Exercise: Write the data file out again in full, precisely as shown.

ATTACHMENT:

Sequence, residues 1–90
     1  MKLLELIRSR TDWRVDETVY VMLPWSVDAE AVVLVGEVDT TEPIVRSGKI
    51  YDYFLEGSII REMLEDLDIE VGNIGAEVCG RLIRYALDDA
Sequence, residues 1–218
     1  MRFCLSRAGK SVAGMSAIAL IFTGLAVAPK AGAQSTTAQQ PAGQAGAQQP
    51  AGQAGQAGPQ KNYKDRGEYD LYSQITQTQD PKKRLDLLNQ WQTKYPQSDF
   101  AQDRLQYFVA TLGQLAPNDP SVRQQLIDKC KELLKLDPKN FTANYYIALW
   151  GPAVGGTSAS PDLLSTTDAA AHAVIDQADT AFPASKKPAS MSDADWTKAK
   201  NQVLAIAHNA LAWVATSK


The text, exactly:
Sequence, residues 1–90
     1  MKLLELIRSR TDWRVDETVY VMLPWSVDAE AVVLVGEVDT TEPIVRSGKI
    51  YDYFLEGSII REMLEDLDIE VGNIGAEVCG RLIRYALDDA
Sequence, residues 1–218
     1  MRFCLSRAGK SVAGMSAIAL IFTGLAVAPK AGAQSTTAQQ PAGQAGAQQP
    51  AGQAGQAGPQ KNYKDRGEYD LYSQITQTQD PKKRLDLLNQ WQTKYPQSDF
   101  AQDRLQYFVA TLGQLAPNDP SVRQQLIDKC KELLKLDPKN FTANYYIALW
   151  GPAVGGTSAS PDLLSTTDAA AHAVIDQADT AFPASKKPAS MSDADWTKAK
   201  NQVLAIAHNA LAWVATSK